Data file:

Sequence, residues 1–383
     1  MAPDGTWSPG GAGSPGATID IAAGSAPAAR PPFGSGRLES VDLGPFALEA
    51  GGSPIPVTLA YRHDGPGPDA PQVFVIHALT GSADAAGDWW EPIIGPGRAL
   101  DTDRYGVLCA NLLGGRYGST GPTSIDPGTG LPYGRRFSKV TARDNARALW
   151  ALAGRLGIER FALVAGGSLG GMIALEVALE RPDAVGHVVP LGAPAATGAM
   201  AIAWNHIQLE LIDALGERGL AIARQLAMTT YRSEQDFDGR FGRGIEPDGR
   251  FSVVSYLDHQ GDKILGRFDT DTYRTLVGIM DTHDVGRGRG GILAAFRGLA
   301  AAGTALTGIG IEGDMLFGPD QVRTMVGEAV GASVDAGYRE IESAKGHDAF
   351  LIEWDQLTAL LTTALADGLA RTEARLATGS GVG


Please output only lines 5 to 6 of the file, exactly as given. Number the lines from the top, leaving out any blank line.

   151  ALAGRLGIER FALVAGGSLG GMIALEVALE RPDAVGHVVP LGAPAATGAM
   201  AIAWNHIQLE LIDALGERGL AIARQLAMTT YRSEQDFDGR FGRGIEPDGR